2023 was a solid year for Google as it expanded its ecosystem of mobile devices. The Pixel 8 series brought some key upgrades that helped continue Google’s ascension in the premium smartphone market. Pixel Fold marked Google’s first foray into the foldable world while the Pixel Tablet was the final piece in Google’s mobile ecosystem.
It wasn’t all smooth sailing for Google though so let’s look at both the positives and negatives from the past 12 months.
Winner: Pixel 8 series
The Pixel 8 duo are Google’s most competitive flagships to date. Both phones got some notable hardware upgrades like brighter displays with slimmer bezels, new Tensor G3 chips and updated ultrawide lenses. The signature Pixel design was slightly revised with the visor on the 8 Pro now housing all three cameras and both phones did receive a bump in battery capacity though their endurance is still behind that of Samsung and Apple flagships.
Pixel 8 finally got a 120Hz refresh rate and the added temperature sensor on the 8 Pro is a nice party trick but two things separate Pixel from just about any other Android phone – cameras and software.
The Pixel camera experience is arguably the killer feature here and it got better in both hardware and software with the new ultrawide cameras and expanded AI features like Best Take, Magic Editor and Photo Unblur. The AI capabilities also expanded to the software side with the new generative AI wallpaper creation tool as well as Pixel staples like call screening, real-time translation, and voice-to-text dictation.
Another key addition with the Pixel 8 series is their guaranteed 7 years of spare parts and software updates which would set a new benchmark for smartphone support. More on that later.
The Pixel 8 and 8 Pro tick a lot of the right boxes for a flagship device. We hope Google will stop limiting its software features outside its core markets and expand to more regions in the coming year.
Winner: Longer software and hardware support
Backing up your new devices with longer software and hardware support is one way to stand out even though this is now required by law in Google’s home state of California. With the launch of its Pixel 8 devices, Google officially expanded its software support to 7 years. That means Pixel 8 and 8 Pro will be eligible for up to 7 Android OS updates – that’s Android 21 or whatever it ends up being called in 2030.
This is a major win for consumers around the world and we can only hope more Android OEMs will follow a similar approach with their upcoming flagships. The only drawback is that older Pixels won’t get the same 7-year promise since the new software support is for devices running the Tensor G3 chip.
The right-to-repair movement also led Google to promise 7 years of spare parts availability for its latest flagships. This deserves praise, especially since more users are sticking to their phones for longer and they can now do so knowing repairs will be readily available.
Loser: Tensor G3
Despite all the effort Google puts into its custom Tensor chips, they’ve historically fared worse in performance and power efficiency compared to their flagship Qualcomm and Apple counterparts. While the Tensor G3 is Google’s best chip yet, it still falls behind the Snapdragon 8 Gen 2 and Apple A16 chips from last year and that difference is only more noticeable with the newer crop of competing SoCs.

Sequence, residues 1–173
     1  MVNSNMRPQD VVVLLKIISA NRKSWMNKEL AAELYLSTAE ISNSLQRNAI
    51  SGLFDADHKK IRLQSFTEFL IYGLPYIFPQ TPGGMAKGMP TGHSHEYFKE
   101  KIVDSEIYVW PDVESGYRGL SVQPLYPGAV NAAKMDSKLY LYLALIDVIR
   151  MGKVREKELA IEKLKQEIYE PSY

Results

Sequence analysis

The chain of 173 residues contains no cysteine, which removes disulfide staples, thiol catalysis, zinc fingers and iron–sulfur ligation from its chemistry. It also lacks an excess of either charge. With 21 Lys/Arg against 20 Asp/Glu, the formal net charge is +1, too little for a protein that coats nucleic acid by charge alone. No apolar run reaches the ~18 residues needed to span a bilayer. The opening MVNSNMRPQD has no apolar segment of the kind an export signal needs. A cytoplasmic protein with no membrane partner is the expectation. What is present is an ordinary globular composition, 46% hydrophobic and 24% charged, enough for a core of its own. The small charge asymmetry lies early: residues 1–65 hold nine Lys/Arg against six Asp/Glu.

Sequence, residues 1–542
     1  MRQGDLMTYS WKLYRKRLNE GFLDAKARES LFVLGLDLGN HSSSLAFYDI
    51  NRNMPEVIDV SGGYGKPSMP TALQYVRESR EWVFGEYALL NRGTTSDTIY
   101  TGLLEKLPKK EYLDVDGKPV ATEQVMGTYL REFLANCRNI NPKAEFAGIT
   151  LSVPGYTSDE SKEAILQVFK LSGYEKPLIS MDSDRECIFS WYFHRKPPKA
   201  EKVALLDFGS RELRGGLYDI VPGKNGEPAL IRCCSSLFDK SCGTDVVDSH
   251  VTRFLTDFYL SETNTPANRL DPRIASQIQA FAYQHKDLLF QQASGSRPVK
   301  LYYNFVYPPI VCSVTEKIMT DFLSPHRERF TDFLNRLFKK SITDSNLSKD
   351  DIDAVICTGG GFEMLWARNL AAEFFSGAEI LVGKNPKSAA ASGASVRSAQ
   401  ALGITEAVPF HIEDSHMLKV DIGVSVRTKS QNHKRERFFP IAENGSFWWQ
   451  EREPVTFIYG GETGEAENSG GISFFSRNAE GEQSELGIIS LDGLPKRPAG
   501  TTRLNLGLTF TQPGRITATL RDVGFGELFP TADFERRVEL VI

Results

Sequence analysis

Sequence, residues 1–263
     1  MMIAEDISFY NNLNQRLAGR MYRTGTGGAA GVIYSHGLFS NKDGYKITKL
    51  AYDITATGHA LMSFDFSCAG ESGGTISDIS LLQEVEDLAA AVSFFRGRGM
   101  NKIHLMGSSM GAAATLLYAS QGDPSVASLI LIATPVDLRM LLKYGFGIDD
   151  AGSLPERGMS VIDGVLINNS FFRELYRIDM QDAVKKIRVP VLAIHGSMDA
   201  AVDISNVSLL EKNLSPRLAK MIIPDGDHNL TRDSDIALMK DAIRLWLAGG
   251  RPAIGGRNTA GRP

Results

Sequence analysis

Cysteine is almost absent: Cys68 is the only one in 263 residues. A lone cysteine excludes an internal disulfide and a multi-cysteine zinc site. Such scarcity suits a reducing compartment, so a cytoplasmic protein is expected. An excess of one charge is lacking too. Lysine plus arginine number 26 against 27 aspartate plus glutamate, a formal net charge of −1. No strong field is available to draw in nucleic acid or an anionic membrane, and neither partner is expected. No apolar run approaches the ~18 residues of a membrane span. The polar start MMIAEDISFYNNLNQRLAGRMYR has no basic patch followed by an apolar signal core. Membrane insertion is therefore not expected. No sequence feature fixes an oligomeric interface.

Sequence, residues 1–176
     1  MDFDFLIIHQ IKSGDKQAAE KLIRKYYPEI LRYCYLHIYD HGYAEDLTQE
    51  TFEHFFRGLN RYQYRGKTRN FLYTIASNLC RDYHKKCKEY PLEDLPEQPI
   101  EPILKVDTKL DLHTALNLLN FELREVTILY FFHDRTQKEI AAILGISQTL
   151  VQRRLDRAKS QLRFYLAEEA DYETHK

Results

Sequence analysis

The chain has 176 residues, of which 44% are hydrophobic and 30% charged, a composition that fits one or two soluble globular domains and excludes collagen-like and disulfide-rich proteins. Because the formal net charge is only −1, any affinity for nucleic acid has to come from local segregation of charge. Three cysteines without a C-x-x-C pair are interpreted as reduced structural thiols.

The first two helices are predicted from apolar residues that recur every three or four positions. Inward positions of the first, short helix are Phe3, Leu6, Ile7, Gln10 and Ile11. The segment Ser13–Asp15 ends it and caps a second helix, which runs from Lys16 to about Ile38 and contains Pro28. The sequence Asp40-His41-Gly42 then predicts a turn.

As it stands, Tensor G3 is the Achilles’ heel on the Pixel 8 series with sustained CPU and GPU tests show throttling in mere minutes and performing even worse than previous generations Tensor chips. Hopefully, Google will remedy its mistakes with the Tensor G4.
Winner: Pixel Fold
After years of waiting, Google finally delivered its first foldable phone in 2023 with the uninspiringly named Pixel Fold. The device not only certified Google’s commitment to the future of foldables but it also showed how one should look from the Android maker’s own perspective.
Pixel Fold is one of the most beautiful phones to launch in the past year bringing that signature Pixel design to a compact “book-type” folding phone. Despite its 5.8-inch diagonal, the wide cover screen makes typing and navigating the UI that much easier when it’s folded while its 7.6-inch main screen leaves plenty of room for multitasking and media consumption.
The trio of cameras on the back may not be on the level of the Pixel 8 Pro or its predecessor but you still get three meaningful lenses with a wide, ultrawide and 5x telephoto. You also get the clean Google software experience with specific optimizations for the foldable form factor and the promise of being first in line for major Android OS updates.
Pixel Fold It does come with the older Google Tensor G2 chipset which can be considered a major drawback and that steep price tag is another big deterrent. Still, we have to give credit to Google for a great first chapter into its foldable phone journey.
Loser: Pixel Watch 2 charging situation
Pixel Watch 2 is a notable improvement over its predecessor with a faster chipset and improved battery endurance but Google decided to opt for an entirely new charging solution making older chargers non-compatible.
Google opted for a new pogo-pin charger for the Pixel Watch 2 which while shared with Fitbit devices is still as proprietary as it gets. Proprietary charging solutions are quite common in the smartwatch and smartband market but not offering support for the common Qi wireless standard is a big disappointment in our eyes when we know that smartwatches from other brands can easily top up their batteries with Qi wireless chargers.